But many commentators clarified a key point that the edited videos muddled: El Hadni recited the adhan only accompanied by a bass drone. When Atlan and the Christian singer, Carlone Casadesus, joined their voices, the muezzin switched to classical Andaloussi music.
That style, from Morocco’s medieval al-Andalus period, sings praises of God and Muhammad, but it is music, not sacred recitation. Mixing it with other music does not violate religious norms.
Others questioned whether El Hadni had even recited the adhan at all. In fact, he intoned the first half of the call (“God is the greatest. I testify that there is no god but God. I testify that Muhammad is the messenger of God”) but left out the closing phrases (“Hasten to prayer, hasten to success,”) which some argued would make it a true call to prayer.
Without these words, El Hadni only recited an Islamic declaration of faith that regularly features in music across the Muslim world. These details complicate the accusations of “blasphemy.”
Morocco As a Defense Against Extremism
Critics also faced a dilemma: condemning the performance of the arrangement could also by extension signify condemnation of King Mohammed VI, who had approved of it. Morocco’s monarch holds the hereditary title “Commander of the Faithful” and traces his lineage to the Prophet Muhammad, giving him a unique religious authority.
Pope Francis’ visit was a part of Morocco’s longstanding position as a haven of tolerance and a bulwark against religious extremism. The king oversees a comprehensive social, political, and religious strategy to combat radical ideology, largely by promoting the kingdom’s Maliki Islam and culture of Sufism as an alternative.
The Ministry of Islamic Affairs, which monitors Islamic education, reverses the extremist narrative, proclaiming Morocco’s flexible religious identity as orthodox Islam, and the severity of Salafism as a dangerous deviation. The imam institute plays a key role, propagating this theology by training foreign imams (over half of the students are from the Maghreb, West Africa, and Europe) through a religious diplomacy that also doubles as a political strategy.
Pluralism in Morocco
In this light, the musical arrangement and performance reflected a clear statement of Morocco’s professed policies of tolerance. While the strongest accusations against it, in essence, were objections to religious pluralism more than complaints about theological impropriety, such interfaith musical intermingling proved too intimate for many observers.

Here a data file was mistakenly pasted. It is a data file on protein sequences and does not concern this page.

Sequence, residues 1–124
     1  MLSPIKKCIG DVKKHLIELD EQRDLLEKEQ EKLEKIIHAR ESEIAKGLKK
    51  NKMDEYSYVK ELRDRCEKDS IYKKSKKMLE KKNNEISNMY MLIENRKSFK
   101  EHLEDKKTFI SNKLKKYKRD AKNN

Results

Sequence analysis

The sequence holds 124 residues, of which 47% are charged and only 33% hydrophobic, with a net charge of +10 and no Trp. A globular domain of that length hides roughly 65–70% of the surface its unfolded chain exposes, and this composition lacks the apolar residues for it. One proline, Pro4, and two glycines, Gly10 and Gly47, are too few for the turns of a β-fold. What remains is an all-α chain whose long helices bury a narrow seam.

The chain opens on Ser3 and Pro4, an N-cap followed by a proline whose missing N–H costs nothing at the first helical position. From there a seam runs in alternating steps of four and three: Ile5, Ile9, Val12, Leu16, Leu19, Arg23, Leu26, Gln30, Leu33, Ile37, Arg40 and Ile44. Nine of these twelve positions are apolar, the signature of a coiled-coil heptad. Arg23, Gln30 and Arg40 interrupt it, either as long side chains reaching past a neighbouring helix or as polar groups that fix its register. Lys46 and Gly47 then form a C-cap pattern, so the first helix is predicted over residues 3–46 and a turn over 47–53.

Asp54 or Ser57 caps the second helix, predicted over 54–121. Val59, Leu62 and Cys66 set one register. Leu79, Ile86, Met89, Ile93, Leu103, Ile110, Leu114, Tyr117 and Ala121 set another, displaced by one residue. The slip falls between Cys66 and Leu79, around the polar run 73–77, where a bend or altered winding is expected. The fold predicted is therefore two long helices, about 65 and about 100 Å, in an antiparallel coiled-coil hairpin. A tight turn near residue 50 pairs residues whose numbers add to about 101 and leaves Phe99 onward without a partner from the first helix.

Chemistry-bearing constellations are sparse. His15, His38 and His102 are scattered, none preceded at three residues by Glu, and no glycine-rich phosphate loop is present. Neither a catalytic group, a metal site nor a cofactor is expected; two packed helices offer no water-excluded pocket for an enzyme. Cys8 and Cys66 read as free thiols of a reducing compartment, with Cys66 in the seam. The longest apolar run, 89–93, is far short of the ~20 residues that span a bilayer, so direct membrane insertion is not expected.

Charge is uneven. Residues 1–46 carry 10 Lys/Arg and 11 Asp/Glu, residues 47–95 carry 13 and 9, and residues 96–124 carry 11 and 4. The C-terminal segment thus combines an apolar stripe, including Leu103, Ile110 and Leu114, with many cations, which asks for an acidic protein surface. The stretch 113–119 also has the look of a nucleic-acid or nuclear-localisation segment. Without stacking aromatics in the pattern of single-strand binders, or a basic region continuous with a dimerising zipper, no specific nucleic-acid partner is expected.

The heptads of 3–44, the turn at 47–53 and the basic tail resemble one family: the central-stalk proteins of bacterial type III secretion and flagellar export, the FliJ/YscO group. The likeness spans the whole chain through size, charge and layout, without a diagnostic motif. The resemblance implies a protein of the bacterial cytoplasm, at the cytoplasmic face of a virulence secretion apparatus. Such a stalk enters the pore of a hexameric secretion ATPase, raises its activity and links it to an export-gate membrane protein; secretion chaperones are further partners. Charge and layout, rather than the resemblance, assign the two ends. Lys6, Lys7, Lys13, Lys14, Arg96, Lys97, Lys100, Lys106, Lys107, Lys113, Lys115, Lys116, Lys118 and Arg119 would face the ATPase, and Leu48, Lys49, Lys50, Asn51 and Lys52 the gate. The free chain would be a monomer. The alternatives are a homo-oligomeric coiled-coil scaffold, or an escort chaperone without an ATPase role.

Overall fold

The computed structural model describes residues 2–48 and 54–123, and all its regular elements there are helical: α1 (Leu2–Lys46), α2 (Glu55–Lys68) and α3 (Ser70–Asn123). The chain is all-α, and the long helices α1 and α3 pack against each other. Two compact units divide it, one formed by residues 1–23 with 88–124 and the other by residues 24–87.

The backlash highlights questions for Morocco and the world beyond: how closely can people of different faiths live together? And how much of our religious practice are we comfortable sharing?
Morocco’s constitution recognizes and protects Moroccan Jews, but few remain in the country. It also protects the rights of Christians to worship in its lands, but only if they are foreign (nearly all are). Moroccan Muslims are forbidden to convert to Christianity, and the state does not recognize converts. Christians in Morocco can be sentenced to three years in prison for proselytizing, and Pope Francis urged his followers not to do so.
At the same time, Muslims—many of them Moroccan—have experienced widespread discrimination in Italy, a mostly Catholic country with deep ties to the Vatican. Its deputy prime minister, Matteo Salvini, portrayed Muslim immigrants as invaders. In France, another mostly Catholic country, Muslims have faced marginalization, discrimination, and even demonization, especially from a rising far right in recent years.
Both King Mohammed VI and Pope Francis are known for their advocacy of interfaith dialogue, and the medley performed for them was symbolic on many levels. The performance was an effort to illustrate through the language of music the unity of the three Abrahamic religions. Yet it also put into stark relief that significant obstacles remain to achieving coexistence and understanding, both from the faithful and the institutions that guide them.